I was right about the GameStop share price. Here’s what I’m doing now

With the GameStop share price coming back down to earth quickly, Jonathan Smith explains how he still wouldn’t buy in even at current levels.

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The content of this article was relevant at the time of publishing. Circumstances change continuously and caution should therefore be exercised when relying upon any content contained within this article.

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A few weeks ago, I wrote a piece about the GameStop (LSE:GME) share price. This was when the hype surrounding the US-listed stock was just beginning. Thanks to a retail-inspired frenzy, the share price saw a so-called short-squeeze. This meant that some institutional investors that had shorted the stock (making profit if the price fell), were forced to close out their positions. Ultimately, the price was moving substantially higher, with more and more people jumping on board each day.

My outlook hasn’t changed

At the time, I said that I wasn’t going to get involved in the stock. A friend of mine did, and sold out for a tidy profit only a couple of days later. I admit that I could have made a quick buck if I’d bought when I was writing my article. The GameStop share price was trading around $65 at that time, and rose to around $450 before plummeting.

The main reason I didn’t get involved was due to the breakdown of the link between the price and the fundamental value. GameStop sells electronics and video games, mainly via a physical store network in the US. It does have an online presence, which is growing. Overall, it’s has seen profitability hit in recent years as people move away from this traditional format of buying games.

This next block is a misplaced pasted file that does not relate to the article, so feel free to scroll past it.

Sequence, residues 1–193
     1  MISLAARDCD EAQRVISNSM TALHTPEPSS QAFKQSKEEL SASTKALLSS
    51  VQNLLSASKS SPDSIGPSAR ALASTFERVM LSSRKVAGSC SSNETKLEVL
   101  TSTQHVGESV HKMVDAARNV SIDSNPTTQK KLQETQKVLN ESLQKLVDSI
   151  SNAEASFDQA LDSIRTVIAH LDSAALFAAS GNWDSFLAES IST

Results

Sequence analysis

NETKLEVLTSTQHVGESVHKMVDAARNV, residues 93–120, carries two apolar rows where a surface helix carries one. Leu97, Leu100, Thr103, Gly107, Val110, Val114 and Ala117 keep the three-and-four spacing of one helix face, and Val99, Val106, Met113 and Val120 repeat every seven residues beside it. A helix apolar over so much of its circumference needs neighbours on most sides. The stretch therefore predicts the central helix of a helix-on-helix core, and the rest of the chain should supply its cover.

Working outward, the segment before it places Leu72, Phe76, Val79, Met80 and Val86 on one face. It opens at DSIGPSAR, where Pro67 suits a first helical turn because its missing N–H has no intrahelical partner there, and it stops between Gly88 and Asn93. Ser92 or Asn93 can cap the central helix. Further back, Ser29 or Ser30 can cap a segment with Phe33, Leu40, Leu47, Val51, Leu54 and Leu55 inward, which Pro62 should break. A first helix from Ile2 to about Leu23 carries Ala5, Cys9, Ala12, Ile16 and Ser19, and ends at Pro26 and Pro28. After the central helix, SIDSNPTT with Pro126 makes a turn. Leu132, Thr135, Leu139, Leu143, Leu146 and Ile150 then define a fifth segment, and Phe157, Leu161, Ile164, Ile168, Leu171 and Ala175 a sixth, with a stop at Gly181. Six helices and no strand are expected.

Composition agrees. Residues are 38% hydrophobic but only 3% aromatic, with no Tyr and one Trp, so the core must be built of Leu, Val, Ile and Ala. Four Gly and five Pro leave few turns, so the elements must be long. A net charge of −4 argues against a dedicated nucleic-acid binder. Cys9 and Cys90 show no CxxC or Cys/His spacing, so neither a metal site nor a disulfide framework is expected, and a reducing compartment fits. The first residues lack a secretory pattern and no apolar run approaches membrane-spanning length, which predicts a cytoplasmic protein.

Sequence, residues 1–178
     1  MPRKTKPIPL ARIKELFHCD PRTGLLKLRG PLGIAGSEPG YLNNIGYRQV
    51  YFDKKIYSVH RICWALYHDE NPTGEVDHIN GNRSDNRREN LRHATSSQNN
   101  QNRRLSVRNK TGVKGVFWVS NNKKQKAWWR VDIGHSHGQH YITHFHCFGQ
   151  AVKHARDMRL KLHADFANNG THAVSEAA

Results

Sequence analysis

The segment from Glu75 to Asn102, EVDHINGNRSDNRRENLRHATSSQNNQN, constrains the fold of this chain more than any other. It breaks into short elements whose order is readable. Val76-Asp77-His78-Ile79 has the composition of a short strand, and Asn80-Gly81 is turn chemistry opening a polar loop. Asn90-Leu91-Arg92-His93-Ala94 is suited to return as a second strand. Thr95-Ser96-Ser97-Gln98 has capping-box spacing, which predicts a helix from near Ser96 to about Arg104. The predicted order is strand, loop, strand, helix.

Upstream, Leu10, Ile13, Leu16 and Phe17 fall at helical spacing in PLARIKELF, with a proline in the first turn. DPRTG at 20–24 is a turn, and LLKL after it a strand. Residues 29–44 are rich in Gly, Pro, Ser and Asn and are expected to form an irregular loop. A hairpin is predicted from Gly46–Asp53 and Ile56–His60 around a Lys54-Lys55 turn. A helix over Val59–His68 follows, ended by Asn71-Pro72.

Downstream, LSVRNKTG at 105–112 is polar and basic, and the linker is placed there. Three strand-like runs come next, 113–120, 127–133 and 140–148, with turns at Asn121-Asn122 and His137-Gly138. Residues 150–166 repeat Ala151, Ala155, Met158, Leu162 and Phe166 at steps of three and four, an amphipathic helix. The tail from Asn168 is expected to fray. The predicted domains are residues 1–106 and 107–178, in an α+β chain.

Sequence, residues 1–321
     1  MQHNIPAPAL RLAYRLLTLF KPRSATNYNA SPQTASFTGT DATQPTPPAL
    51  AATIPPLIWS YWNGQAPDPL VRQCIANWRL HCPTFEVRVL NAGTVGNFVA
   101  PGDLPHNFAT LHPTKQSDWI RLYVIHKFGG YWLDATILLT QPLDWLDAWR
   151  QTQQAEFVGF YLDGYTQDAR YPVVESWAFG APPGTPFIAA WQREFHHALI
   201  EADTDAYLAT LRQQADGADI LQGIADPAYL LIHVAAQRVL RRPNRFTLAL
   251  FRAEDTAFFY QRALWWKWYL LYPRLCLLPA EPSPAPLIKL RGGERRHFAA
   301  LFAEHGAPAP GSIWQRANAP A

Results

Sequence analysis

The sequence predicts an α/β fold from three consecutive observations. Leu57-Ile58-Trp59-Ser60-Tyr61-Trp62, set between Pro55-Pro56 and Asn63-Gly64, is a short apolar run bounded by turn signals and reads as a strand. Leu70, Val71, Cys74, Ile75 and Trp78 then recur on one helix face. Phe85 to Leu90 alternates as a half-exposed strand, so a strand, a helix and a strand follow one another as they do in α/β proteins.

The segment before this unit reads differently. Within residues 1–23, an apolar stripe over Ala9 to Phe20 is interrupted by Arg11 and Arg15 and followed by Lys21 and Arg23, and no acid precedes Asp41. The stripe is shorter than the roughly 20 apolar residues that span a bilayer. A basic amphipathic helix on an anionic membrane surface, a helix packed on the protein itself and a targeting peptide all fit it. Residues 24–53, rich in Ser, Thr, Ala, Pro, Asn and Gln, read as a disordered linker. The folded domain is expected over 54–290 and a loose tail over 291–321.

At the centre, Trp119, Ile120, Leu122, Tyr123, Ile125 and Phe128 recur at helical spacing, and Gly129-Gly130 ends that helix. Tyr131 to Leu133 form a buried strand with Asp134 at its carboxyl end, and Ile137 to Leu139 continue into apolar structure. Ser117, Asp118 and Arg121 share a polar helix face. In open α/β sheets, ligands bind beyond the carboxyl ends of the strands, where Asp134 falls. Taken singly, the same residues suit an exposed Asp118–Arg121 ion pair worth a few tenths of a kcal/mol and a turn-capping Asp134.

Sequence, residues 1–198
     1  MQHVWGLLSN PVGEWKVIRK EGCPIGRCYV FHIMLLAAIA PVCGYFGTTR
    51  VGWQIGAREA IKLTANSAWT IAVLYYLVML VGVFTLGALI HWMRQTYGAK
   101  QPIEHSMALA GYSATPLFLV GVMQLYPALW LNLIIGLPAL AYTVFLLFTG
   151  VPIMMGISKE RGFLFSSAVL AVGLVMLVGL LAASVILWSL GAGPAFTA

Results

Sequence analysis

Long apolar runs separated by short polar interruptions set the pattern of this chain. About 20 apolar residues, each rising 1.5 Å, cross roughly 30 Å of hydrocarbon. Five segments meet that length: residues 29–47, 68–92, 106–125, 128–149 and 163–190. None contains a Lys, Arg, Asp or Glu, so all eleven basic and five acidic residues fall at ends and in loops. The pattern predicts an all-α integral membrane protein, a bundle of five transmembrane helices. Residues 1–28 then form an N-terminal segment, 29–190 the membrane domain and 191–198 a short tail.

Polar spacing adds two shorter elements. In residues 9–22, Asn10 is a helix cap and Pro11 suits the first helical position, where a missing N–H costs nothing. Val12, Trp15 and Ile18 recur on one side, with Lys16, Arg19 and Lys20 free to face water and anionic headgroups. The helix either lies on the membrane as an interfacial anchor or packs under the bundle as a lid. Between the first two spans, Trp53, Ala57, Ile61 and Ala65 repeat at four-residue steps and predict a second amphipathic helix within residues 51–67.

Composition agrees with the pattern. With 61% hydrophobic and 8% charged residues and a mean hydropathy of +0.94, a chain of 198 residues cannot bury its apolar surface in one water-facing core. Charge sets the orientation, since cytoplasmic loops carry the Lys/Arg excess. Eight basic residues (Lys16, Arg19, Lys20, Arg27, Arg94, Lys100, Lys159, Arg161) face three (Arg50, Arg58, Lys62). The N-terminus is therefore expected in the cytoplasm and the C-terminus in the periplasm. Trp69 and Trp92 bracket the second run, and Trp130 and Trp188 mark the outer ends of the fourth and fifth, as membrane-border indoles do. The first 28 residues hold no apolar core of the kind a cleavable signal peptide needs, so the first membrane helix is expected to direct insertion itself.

In the Q3 trading update, revenue was down 30.2% on the prior year, even with a 257% jump in online sales. If I zoom out, for full-year 2019, the business lost $464m. Total assets have been decreasing from $4.3bn in 2015 to $2.8bn in 2019. This leads me to conclude that the GameStop share price shouldn’t be substantially gaining in value.

GameStop shares: a burst bubble?

As a result of the above disconnect, it was always logical, in my opinion, that the share price was going to fall after the bubble burst. Over the past week it has done, and now trades around $50. From here, I expect the price to fall further, back down to levels around $10. This next leg lower could be hastened by retail traders selling out in large numbers.

What are the alternatives to my view? First, I could see another pump of the stock, if more investors pile in. Those who missed the boat on the first round may jump in as the price moves lower. But this is a short-term view, as eventually I expect the stock to return to a value that reflects the fundamentals of the business.

Another alternative view is that this bump in the GameStop share price could cause a shift in the business. For example, the management team could raise new capital at the current price, with the high market capitalisation currently at $3.57bn. The company could issue more shares at a slight discount to the current share price, raising new funds. It has also gained a huge amount of publicity from the share price spike. It could put a positive spin on this by enhanced marketing. A push towards more online sales is also another avenue to explore. 

So clearly, there are issues and opportunities too. If the business doesn’t seize this opportunity to transform itself, I don’t see myself buying the stock. If we see the retail crowd turn its focus to the next stock in demand, GameStop could very quickly be yesterday’s news story.

Should you invest, the value of your investment may rise or fall and your capital is at risk. Before investing, your individual circumstances should be considered so you should consider taking independent financial advice.

jonathansmith1 has no position in any of the shares mentioned. The Motley Fool UK has no position in any of the shares mentioned. Views expressed on the companies mentioned in this article are those of the writer and therefore may differ from the official recommendations we make in our subscription services such as Share Advisor, Hidden Winners and Pro. Here at The Motley Fool we believe that considering a diverse range of insights makes us better investors.

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